Therefore we can see how Jesus might have said what he did, namely not that the Sabbath work prohibition is derived from the Golden Rule,but rather Moses' prohibition was given as an aid to the Israelites by virtue of this rule, and somewhat as a mother might tell a child a story in order that the child then in turn might come to behave better, e.g., to stop making "faces").*
[* The expressed opinion of Paul in this regard is not far from my own thinking here, for he suggests that the law was given to the Israelites because they were still children in their faith and had not yet had the opportunity of relating to God through the freedom that comes in and through Christ, i.e., as a freedman. I think Paul talks in these terms in Galatians.]
[You can see where this is going, of course, for the great test of the freedom of the Christian to work entirely per the Golden Rule is homosexuality, and with the solution of the ensuing cultural problems being given in Romans 14. In fact if you will read Romans 12 through 15 as a unit, then you will see that the key to this unit is Romans 13:8-10 with regard to the individual's own decisioning (in the same way that Moses also decided to prescribe rules and regulations to his charge) and then Romans 14 with regard to the problems that develop (presumably only temporarily*) as different people, based on their own respective understanding of "medicine and poison," come up with different rights and wrongs and still seek to live together in a single community. The conception is wondrous in its power.]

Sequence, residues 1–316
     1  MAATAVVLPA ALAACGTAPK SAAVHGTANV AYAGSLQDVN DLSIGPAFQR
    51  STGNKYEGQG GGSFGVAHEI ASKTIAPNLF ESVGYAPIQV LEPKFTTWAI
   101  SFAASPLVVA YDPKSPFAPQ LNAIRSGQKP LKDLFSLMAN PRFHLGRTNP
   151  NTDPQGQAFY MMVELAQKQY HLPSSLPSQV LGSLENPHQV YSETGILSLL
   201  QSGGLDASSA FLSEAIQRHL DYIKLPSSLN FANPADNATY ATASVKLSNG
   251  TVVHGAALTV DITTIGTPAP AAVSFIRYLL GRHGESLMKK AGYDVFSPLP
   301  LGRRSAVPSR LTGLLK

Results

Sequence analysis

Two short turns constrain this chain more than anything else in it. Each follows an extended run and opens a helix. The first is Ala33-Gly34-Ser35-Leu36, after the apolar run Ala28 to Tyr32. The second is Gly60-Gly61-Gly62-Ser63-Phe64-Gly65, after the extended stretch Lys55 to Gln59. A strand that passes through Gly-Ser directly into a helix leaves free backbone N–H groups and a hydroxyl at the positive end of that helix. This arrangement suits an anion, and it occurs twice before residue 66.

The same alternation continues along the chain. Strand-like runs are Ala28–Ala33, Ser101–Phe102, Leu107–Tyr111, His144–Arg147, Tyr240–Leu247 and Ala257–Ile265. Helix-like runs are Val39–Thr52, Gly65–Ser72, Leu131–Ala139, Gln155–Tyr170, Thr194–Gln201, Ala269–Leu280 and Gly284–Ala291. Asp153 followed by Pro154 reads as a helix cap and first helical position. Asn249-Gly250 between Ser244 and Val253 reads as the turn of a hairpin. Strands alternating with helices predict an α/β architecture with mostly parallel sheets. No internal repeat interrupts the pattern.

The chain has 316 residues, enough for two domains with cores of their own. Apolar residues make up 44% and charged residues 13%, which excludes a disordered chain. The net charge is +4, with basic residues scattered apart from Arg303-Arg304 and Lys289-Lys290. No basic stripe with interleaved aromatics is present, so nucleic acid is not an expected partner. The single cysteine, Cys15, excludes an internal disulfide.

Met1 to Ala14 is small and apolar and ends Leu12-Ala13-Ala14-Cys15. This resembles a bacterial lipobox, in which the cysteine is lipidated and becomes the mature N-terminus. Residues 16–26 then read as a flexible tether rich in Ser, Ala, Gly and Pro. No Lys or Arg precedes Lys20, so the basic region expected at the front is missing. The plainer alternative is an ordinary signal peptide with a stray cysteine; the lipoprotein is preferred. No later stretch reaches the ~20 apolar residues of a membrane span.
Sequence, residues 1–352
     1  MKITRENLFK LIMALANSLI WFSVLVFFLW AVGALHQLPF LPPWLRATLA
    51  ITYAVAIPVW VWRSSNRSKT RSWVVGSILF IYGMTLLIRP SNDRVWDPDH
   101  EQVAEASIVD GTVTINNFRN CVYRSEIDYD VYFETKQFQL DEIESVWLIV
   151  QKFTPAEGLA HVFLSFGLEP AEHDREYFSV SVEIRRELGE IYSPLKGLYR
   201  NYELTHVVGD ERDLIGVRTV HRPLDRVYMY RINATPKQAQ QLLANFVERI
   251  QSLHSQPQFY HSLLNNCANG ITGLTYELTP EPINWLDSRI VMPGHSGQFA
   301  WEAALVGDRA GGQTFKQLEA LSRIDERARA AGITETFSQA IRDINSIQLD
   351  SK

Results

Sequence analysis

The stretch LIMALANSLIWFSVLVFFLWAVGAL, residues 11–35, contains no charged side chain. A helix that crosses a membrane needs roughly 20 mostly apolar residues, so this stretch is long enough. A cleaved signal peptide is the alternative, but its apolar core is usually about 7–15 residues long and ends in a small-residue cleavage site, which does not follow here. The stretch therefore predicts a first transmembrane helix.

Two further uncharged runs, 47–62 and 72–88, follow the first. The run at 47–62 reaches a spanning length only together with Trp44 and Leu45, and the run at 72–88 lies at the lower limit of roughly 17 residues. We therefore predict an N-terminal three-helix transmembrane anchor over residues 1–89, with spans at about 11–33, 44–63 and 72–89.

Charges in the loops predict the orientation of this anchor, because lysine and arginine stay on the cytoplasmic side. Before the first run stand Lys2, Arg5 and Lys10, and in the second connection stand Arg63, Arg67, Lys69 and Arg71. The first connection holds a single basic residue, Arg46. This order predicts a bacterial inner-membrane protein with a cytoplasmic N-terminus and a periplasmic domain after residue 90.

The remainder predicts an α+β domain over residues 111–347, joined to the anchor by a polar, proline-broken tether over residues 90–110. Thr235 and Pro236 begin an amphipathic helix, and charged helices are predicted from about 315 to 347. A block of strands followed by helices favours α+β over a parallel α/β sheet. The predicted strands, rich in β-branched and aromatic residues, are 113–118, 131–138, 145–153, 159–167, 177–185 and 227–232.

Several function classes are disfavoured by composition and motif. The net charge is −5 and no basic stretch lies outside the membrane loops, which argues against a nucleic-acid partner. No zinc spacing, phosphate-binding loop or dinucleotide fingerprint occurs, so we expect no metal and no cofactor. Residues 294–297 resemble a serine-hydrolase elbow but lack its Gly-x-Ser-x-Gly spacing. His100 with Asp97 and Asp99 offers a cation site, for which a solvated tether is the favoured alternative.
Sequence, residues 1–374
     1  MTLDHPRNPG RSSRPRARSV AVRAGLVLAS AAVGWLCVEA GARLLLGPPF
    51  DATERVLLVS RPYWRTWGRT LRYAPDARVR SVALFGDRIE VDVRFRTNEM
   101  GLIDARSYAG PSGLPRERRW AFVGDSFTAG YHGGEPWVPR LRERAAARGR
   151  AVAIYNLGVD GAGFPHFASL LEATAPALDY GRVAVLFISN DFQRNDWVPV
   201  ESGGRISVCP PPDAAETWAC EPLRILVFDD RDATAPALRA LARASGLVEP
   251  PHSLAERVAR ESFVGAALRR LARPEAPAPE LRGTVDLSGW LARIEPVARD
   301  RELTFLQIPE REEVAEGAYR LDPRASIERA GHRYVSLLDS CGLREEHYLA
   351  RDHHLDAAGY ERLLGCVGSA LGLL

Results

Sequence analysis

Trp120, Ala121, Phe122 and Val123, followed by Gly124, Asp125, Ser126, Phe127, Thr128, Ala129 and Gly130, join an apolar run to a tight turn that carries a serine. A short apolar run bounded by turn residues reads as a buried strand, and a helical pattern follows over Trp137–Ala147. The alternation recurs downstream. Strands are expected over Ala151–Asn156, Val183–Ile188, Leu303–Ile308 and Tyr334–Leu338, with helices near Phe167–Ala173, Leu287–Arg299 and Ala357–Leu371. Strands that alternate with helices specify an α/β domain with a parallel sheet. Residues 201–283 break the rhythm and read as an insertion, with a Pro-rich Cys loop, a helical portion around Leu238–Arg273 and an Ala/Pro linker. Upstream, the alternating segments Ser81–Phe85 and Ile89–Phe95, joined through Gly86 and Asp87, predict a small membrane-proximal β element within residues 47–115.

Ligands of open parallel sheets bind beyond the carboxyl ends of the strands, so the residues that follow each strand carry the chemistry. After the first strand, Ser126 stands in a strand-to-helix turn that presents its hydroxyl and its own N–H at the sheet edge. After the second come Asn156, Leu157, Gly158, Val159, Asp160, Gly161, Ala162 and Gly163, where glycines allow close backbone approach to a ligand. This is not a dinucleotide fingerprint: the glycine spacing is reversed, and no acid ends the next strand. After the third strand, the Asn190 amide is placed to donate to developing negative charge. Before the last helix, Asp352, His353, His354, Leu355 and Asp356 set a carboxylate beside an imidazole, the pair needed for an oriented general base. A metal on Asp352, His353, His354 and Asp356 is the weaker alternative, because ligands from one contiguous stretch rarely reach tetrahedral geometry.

[* The march of science should finally give us unity with regard to what is good and helpful to the development of the human psyche and what is evil and bad, at which point then people of good will and intelligence and practiced sharing should come to the same conclusion, e.g., that while there is nothing on its own which is good or evil, it is evil to use another person as a means only and not always as an end in and of himself.]
Now with regard to the commandment that we are to love God: in order to give this commandment its pronounced honor as supreme, it is necessary to turn to a very Wesleyan conception, namely that by virtue of our dedication to the 2nd Commandment we open ourselves to the work of the Holy Spirit and by virtue of that in turn we become progressively better and then, upon that experience, are filled with hope of total perfection and its concomitant joy and then as a final result turn spontaneously and love God (and adore Christ) with our total being. Thus when Jesus pronounced the Golden Rule by itself in Matthew 7:12 it can be understood that the first commandment was implicitly (and practically) included in that.